JIM LEYLAND: I think it's a record, from what somebody told me. I hope we don't break it tonight. But any ways, I think we just set a record for pitcher errors in consecutive games or something, and you always try to find alternatives silver lining in everything. So obviously next spring when we talk about PFP, none of the pitchers will be bitching about it, when they see what happened in the World Series. I've already come up with a thing next spring, I know this sounds crazy, but I'm going to have the grounds crew sprinkle out in front of home plate and make it wet on a couple of occasions, and have them work it and pick up the ball and work in wet conditions. It may sound crazy, but we're going to do it. We're going to have them water the field in front of the grass and roll some bunts out and make them throw it. There is something to it, I think, because Rodney, it was wet, he gripped the ball with everything, it wasn't a normal grip when he threw it, and he kind of pushed it and it slipped out on him. I haven't seen anything like it, but I don't believe that's the reason we're.

You always talk about after a loss that you don't want your team to hang its head, you want them to act normal and maintain the routine. The hours leading up to tonight games what do you want to see, do you want to hear in the clubhouse among the guys?

JIM LEYLAND: I don't know, I think a lot of that stuff gets carried away. There's simple things that you say to them, I say something to them before each and every game. We're going to play this game. I talked to them yesterday about it. We just have to remember what it took us to get here and how hard we worked to get here, and not get caught up in if we lose, it's over, and if we win we have to go back to Detroit. We have to have respect how hard we worked to get here. We're a World Series team. It's pretty amazing where we've come from. So I think you look at the positive things and you stay with that and you know that if you win a ballgame tonight you're still playing, and I keep emphasizing that. The postseason, if you win the next game, you always play the next day. If we didn't, we're going to go home. We're going to try to get better. And obviously next year, but we still got a legitimate shot. We're talking about nine innings to win a game. Can we do that? Absolutely. Will we? I have no idea. There's no special message. These guys are all bright young men, they can figure it out.

With Polanco, what can you say or do with him to kind of help him get going at the plate?

JIM LEYLAND: I have no clue. If I knew that, I would have done it three games ago. But he's one of our most professional hitters. In fact, I think he's one of the most professional hitters in the American League. Maybe not productive home run-wise and stuff, but he's a tremendous hitter. He had a line shot last night, he hit a bullet to leftfield. When we needed to get the guy over, I didn't need to sacrifice, because I knew he could hit it that way. He hasn't had, obviously, a very good World Series offensively, although he has hit a few balls pretty good, and the ones he hit good were caught. It's been one of those little funks where if you hit it good, it's right at somebody. But he's definitely one of our guys. I mean, I think the world of him. He's a professional hitter and I can honestly say without Placido Polanco, he's one guy, we wouldn't have been here without him. There's no question about that. You just have to hope he finds some holes tonight.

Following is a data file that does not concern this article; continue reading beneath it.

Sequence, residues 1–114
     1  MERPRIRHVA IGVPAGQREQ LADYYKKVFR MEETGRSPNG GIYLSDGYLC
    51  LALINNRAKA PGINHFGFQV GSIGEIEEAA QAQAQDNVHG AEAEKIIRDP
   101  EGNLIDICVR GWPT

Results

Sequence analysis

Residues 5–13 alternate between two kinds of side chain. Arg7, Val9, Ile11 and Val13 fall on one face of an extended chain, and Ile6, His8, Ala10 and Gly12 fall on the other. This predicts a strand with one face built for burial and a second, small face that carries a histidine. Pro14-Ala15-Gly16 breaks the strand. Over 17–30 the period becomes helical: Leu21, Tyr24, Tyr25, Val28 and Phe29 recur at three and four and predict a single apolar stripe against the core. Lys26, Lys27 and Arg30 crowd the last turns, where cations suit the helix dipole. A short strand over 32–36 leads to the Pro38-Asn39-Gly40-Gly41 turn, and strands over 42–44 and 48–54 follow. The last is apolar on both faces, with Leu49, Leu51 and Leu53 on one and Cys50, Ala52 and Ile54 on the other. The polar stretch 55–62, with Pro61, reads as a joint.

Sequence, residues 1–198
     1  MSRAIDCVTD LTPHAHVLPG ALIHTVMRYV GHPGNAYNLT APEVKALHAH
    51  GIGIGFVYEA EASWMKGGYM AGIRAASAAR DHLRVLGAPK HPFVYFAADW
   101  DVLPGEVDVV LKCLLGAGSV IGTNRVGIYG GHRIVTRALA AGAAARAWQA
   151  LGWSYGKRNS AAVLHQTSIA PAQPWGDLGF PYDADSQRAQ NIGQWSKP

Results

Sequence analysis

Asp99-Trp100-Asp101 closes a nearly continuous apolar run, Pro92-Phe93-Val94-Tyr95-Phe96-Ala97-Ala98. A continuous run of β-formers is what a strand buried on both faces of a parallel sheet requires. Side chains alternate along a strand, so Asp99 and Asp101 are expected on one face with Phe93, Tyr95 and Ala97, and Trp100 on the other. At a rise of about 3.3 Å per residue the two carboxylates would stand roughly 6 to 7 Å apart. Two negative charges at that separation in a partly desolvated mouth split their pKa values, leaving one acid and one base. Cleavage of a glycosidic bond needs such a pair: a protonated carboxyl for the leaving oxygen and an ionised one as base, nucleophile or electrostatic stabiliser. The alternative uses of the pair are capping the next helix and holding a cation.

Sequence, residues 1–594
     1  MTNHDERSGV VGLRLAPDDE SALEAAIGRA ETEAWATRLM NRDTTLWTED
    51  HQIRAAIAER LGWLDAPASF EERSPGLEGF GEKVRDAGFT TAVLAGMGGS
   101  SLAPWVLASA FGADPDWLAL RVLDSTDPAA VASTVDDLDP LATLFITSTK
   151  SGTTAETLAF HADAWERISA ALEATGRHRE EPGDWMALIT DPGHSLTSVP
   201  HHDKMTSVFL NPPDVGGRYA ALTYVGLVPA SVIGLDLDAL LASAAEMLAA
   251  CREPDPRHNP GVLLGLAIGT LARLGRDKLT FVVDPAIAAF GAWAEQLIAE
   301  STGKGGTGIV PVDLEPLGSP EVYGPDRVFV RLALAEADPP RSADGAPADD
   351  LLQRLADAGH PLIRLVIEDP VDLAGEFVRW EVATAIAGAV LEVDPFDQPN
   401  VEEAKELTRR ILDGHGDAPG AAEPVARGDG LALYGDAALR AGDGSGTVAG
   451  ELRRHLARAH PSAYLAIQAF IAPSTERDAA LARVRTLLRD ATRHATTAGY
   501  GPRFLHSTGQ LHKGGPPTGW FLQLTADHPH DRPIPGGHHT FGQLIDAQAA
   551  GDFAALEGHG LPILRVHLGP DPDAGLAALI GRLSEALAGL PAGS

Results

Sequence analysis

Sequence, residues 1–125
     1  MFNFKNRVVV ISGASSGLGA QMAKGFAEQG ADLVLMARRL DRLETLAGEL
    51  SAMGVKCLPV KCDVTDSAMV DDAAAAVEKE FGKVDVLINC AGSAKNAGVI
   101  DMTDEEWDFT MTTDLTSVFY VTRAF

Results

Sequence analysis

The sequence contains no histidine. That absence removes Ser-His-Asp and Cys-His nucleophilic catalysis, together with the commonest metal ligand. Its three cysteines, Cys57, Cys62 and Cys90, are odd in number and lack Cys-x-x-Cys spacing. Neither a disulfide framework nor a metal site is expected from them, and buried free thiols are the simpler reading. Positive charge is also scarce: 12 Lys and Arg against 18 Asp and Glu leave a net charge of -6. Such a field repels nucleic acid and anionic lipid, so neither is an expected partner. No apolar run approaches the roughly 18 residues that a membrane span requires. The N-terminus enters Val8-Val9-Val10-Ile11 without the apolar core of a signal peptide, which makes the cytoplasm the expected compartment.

Can you think of a player that you've seen or managed or managed against that you would draw parallels with with Eckstein?

JIM LEYLAND: I'd have to think about that. I think that the No. 1 thing about Eckstein is that people don't really give him the credit for the amount of talent he has. This guy is a much more talented player than I think is the perception. I mean, this guy is very tough to strike out. He can pop a ball, I'm not talking about home run power, but he makes -- he never misses a ground ball. They say, well, he doesn't have a strong arm, but everybody is always out. This guy is really a talented player. And I think what happens is because he's smaller in physical structure everybody thinks that there's this cute little kid, doesn't have a lot of talent, but nice kid, plays hard, hustles. You know, believe me, there's a lot more to this guy than that. This guy is a very talented baseball player. I've never seen him miss a ground ball. And I can remember talking to Don Zimmer, who I talk to all the time, a couple of years ago told me about him. He said, you look at him, you can't figure it out. And then during the course of the game he's in the middle of every single thing. He's gone after ground balls in a series, he's in the right spot every time. This guy is a heck of a player. And I think it's unfair that he really doesn't get the credit that he deserves for having as much talent as he does. This guy is a very talented guy. And he's also obviously a very tough kid.

This will only be the second time in the last two weeks that you guys will play consecutive days, how much of a relief is that for your guys?

JIM LEYLAND: I think it's obviously good for us. But once again, believe me when I tell you, I'm not looking to find anything that would indicate that we're feeling sorry for ourselves or we have some reason for not doing well. I'm not going to do that. Obviously we need to play, we haven't played very much. Have we been a little stale? We probably have been. But I'm just not going to get into that because I just think that people take that the wrong way, and somebody along the line is going to say, the Tigers are looking for excuses. There's no excuses. I just won't tolerate that.

Courtesy of FastScripts by ASAP Sports. This story was not subject to the approval of Major League Baseball or its clubs.